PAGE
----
When is it necessary for people to know about my bankruptcy?
Bankruptcy may become known for legal or professional reasons
A major fear for many of those filing bankruptcy is that family, friends and employers will learn of their financial problems. The truth is they have little reason to worry. Although bankruptcies are public record, they rarely become known to close associates or family members.
However, there are times when information about the bankruptcy will be sought by individuals or organizations that need it for legal or professional reasons.
While the case is active, anyone who has co-signed a loan with the debtor will be contacted by the U.S. Bankruptcy Court as a potential creditor. Once concluded, the bankruptcy will become known to those who have reasons to check the individual's credit history. That includes any lender to whom the debtor applies for a new loan or credit card.
Debtors who are job-hunting will find that some potential employers are starting to include a check of the applicant's credit history along with references, past workplaces and educational institutions. However, employers are prohibited from discriminating against individuals who have filed bankruptcy.
For those seeking work that requires security clearance, questions arise regarding an individual's financial history as part of a personal background check.
However, knowing that individuals have been involved in a bankruptcy doesn't necessarily exclude them from high security work. If the financial circumstances surrounding the bankruptcy were beyond the debtors' control, such as a job loss or mounting medical bills, it will likely not be held against them. When the prospective boss determines that the bankruptcy stemmed from irresponsible money management, it could be reason for denying clearance.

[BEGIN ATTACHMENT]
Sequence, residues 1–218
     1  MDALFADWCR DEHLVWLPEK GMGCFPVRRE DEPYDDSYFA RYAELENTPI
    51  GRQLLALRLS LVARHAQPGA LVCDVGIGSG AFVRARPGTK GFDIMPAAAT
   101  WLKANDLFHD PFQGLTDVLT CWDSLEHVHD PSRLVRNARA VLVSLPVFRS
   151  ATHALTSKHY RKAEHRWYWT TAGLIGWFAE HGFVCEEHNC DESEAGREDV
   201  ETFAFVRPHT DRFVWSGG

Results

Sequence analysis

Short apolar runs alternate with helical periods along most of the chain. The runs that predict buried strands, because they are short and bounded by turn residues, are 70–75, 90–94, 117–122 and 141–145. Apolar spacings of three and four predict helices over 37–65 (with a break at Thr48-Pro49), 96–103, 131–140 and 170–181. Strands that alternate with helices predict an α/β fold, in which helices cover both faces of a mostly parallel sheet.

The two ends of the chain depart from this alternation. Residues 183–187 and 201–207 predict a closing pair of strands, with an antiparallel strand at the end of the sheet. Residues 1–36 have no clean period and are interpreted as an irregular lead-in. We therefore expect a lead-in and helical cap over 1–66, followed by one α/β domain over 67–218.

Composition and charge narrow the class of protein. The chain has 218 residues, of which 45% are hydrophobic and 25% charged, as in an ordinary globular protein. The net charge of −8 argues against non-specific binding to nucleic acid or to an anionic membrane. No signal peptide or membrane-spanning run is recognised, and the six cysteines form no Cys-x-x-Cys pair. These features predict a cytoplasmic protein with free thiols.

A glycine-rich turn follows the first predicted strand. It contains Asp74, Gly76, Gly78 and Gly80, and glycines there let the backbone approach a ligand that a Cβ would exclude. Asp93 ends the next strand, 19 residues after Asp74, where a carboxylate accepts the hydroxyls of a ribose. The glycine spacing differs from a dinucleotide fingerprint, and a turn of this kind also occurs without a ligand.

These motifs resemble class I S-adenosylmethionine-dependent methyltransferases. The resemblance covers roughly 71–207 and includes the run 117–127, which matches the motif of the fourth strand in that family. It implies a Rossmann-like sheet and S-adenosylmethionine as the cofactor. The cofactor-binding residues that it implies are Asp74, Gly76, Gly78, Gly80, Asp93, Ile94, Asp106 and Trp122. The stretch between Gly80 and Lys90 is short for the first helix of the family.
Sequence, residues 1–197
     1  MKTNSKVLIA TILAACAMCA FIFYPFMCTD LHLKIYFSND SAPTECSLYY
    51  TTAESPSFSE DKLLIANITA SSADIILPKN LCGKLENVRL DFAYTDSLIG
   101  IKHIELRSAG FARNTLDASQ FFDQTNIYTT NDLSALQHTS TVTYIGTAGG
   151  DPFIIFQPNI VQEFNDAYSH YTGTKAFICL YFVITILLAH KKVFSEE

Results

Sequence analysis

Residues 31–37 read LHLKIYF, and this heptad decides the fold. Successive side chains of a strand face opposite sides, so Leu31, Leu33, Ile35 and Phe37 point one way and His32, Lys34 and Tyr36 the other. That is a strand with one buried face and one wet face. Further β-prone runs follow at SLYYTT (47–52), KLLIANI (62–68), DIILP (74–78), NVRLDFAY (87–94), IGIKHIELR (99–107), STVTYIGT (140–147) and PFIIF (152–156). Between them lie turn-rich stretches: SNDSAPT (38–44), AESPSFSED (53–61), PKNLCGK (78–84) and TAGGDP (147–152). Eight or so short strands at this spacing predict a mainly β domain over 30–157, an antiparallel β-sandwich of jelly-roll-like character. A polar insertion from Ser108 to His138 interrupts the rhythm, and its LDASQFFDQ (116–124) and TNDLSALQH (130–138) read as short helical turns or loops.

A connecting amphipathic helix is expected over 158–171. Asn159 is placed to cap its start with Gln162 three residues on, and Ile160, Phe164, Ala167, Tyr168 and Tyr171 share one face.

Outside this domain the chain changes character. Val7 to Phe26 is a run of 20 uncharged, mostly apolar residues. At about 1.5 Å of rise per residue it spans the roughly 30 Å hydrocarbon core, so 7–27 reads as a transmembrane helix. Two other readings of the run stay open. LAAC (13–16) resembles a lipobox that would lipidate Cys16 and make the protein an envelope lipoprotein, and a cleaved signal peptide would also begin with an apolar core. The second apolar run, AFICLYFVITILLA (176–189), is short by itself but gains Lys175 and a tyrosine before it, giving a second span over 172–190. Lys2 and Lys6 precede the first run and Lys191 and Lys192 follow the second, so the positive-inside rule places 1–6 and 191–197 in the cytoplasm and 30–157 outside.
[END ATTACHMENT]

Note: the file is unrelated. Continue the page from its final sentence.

According to Bankruptcy Law Network, there also are cases in which it is important to notify family members of a planned or pending bankruptcy, including instances when an aging parent transfers or "deeds" a property to the individual. This is true when a home has been deeded to an aging couple's children, but with the understanding that the parents will be able to live there for the remainder of their lives.
"Obviously, with this asset transferred to you, it may affect your bankruptcy case and just as importantly, affect the property that your family member transferred to you," writes North Carolina bankruptcy attorney Adrian Lapas on the website. "If one of the adult children files bankruptcy, this 'remainder' interest in real estate becomes an asset of the estate and could be sold to pay creditors."